“Opinions are dangerous to their owners because they are emotionally charged triggers for dissent, strife, argument, and positionality.”
All humans have a difficult time not knowing. We want answers. We want to predict the future. We want to control the outcome. Our well formed systems and societies help us to believe in the certainty of our plans. We think that if we follow the right rules, take the right steps, maintain the right course that we will end up where we want to go. This creates a longing and yearning for verification that our beliefs, our systems, and our plans are the “right” ones. We then develop defense strategies to prove and maintain our own perspectives constantly reconfirming that we are “right.” This leads to rigid mindsets that fail to learn from and adapt to new conditions. We continue on old paths that have become harmful within our new environment. In contrast, the educated mind is one that remains open and available for new ideas ready to change and adapt to new situations. By staying in tune with nature and the external world we can find new and innovative ways to interact with it creating a harmonious ever changing reality.
In a time of mass media and social networks we are continuously turning media messages into belief systems. A study by Hawkins and Pingree found that the verification of thought by comparison with distorted media versions of social reality can foster shared misconceptions of people, places, and things. (1) Once our beliefs are formed we reaffirm them by feeding ourselves with more and more information that aligns with them. Then, because we lack the intrinsic capacity for self-correction, the mind believes in the reality or truth of its own programs limited only to data collected in its internal processing systems. The mind begins to misidentify opinion as truth and actual reality. (2) What we are absorbing from our environment leads to the formation of our beliefs and then we seek out more sources and groups of people who reaffirm these beliefs making them stronger and stronger.
An inflexible mind creates beliefs and perspectives from its own subjective reality and then aims to verify them by changing the world to fit into those beliefs leading to cultural groups trying to impose their view of the world on other cultures. (3) The more we forcefully change the world around us to fit our erroneous beliefs, the more we create social environments that confirm the misbeliefs. (4) Essentially, we begin to shape our reality with our own beliefs. This leaves us vulnerable to acting and connecting in ways that align with old erroneous beliefs rather than observing what our current situation is calling for. If we keep an open mind and observe what the world needs we can act and connect in ways most beneficial to our well-being.
The way out of this harmful attachment to our own beliefs is to open ourselves up to as much exposure to different experiences as possible. As John Taylor Gatto says “the educated mind is the connected mind, connected to all manner of different human styles, connected to all sorts of complex experiences, some of them frought with psychological and physical peril, connected to a dizzying profusion of intellectual ideas which interconnect with one another. Most of all the educated mind is connected to itself. Knowing yourself is the foundation for everything else. (5) By coming in contact with difference, we give ourselves the opportunity to understand the world from varying perspectives and in varying contexts. We can then use this information to create a broader version of reality and healthier ways of relating to it.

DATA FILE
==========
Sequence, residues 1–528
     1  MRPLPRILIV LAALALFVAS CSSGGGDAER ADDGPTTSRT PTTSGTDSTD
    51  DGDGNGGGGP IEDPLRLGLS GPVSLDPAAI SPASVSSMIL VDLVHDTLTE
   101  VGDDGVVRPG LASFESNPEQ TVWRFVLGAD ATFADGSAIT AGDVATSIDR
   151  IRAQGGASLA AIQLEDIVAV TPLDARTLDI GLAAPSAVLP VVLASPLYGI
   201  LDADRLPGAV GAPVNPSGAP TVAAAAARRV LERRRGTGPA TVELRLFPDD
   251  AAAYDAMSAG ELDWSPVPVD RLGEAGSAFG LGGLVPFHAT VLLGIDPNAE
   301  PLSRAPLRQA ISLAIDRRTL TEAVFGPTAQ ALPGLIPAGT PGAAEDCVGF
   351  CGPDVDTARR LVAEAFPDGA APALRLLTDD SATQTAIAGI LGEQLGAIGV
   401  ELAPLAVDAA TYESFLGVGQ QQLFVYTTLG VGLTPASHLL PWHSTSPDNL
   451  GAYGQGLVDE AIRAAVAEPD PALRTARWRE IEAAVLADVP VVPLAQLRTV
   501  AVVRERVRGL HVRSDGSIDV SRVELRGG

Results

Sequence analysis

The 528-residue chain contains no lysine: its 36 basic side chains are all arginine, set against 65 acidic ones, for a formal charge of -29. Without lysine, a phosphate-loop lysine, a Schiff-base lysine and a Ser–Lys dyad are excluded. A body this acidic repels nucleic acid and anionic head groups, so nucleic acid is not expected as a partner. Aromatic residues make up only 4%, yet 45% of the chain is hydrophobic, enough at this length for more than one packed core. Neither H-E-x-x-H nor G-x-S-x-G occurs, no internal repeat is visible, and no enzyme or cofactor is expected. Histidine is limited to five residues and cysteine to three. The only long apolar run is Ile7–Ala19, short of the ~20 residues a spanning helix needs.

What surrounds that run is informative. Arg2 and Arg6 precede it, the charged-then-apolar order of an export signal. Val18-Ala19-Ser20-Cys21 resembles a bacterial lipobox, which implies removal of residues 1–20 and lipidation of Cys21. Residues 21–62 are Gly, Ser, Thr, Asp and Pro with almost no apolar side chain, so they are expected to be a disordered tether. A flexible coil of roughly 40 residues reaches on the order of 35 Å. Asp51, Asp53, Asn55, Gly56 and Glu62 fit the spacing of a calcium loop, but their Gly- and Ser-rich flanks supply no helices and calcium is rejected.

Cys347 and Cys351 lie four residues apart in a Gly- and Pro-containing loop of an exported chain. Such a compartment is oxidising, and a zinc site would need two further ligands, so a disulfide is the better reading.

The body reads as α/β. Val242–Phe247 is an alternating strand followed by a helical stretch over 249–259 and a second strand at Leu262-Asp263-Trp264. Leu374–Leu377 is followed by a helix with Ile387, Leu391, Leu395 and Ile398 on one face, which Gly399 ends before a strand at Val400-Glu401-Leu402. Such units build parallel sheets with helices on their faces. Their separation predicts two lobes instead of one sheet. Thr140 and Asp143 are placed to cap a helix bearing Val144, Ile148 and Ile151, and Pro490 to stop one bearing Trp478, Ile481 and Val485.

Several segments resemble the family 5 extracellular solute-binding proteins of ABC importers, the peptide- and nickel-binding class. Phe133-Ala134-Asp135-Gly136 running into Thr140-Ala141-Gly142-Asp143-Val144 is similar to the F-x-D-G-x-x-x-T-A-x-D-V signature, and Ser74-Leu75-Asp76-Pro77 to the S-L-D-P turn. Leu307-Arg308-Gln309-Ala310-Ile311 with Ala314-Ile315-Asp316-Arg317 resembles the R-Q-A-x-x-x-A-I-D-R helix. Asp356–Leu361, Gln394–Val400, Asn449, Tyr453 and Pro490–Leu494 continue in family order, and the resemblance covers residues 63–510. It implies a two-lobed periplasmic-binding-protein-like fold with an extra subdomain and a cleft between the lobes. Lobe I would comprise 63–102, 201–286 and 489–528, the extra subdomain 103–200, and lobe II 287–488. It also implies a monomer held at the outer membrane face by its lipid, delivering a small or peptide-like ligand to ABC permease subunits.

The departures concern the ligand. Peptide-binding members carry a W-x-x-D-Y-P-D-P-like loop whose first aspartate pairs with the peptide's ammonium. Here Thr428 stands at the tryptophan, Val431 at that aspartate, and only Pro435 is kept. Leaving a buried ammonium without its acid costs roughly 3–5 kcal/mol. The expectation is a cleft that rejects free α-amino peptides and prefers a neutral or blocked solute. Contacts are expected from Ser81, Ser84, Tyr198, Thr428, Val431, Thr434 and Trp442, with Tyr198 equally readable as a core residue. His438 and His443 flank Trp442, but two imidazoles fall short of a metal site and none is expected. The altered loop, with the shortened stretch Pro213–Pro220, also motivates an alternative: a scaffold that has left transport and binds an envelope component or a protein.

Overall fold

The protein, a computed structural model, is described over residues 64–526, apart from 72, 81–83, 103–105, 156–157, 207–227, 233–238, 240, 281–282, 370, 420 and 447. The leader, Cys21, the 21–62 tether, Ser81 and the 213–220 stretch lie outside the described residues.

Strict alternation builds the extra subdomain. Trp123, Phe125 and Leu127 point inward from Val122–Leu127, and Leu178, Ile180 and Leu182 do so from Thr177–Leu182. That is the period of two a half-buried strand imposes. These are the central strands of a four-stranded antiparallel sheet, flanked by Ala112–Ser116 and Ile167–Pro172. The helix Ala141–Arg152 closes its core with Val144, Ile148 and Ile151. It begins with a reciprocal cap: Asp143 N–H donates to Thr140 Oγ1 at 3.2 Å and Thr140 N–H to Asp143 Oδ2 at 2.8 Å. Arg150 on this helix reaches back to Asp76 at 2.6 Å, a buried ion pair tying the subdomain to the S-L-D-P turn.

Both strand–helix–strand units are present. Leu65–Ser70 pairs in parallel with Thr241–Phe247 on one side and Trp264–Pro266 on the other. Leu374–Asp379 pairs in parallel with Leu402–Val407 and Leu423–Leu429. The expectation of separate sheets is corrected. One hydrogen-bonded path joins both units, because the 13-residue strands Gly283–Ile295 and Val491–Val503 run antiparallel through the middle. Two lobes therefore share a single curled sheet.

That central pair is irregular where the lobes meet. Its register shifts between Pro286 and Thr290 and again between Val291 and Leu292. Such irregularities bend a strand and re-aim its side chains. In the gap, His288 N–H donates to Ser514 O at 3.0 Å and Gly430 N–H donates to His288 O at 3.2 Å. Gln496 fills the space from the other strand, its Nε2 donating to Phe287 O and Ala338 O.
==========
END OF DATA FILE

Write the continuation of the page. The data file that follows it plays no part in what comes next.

Contact with different opinions and lifestyles also allows us a deeper look into our own selves. When we realize that not everyone thinks like us or sees the world like us, we are given an immense freedom to reexamine our own beliefs. We see that we are not trapped in our own views and perspectives but can choose how we want to experience reality. We become more mentally flexible, welcoming new ideas that may serve us better than old programmed ones. This gives us the power of adaptability which will keep us alive and well in an ever changing world.
By actively observing the world rather than forcing our beliefs onto it, we can see what it really is rather than what we want it to be. This involves us in a harmonious communion with life rather than a dominion over it. When we try to dominate and control others or our environment we are acting on our own erroneous beliefs that may not be the most beneficial to us or the planet. By putting down our need to be right, our need to know, our need to control, and surrendering to be guided by the life around us, we see, act, and contribute in ways that lead to true healing.
- Hawkins, R. P., & Pingree, S. (1982). Television’s influence on social reality. In D. Pearl, L. Bouthilet, & J. Lazar (Eds.), Television and behavior: Ten years of scientific progress and implications for the eighties (Vol. II, pp. 224–247). Rockville, MD: National Institute of Mental Health.
- Hawkins, D.R (2013) Reality, Spirituality, and Modern Man. Hay House Inc., U.S.
- Doidge, N. (2007). The Brain That Changes Itself: Stories of Personal Triumph from the Frontiers of Brain Science. United States: Penguin Publishing Group.
- Snyder, M. (1980). Seek, and ye shall find: Testing hypotheses about other
people. In E. T. Higgins, C. P. Herman, & M. P. Zanna (Eds.), Social cognition: The Ontario Symposium on Personality and Social Psychology (Vol. 1, pp. 105–130). Hillsdale, NJ: Lawrence Erlbaum Associates.
- Gatto, J. T. (2010). Weapons of Mass Instruction: A Schoolteacher’s Journey Through the Dark World of Compulsory Schooling. United States: New Society Publishers.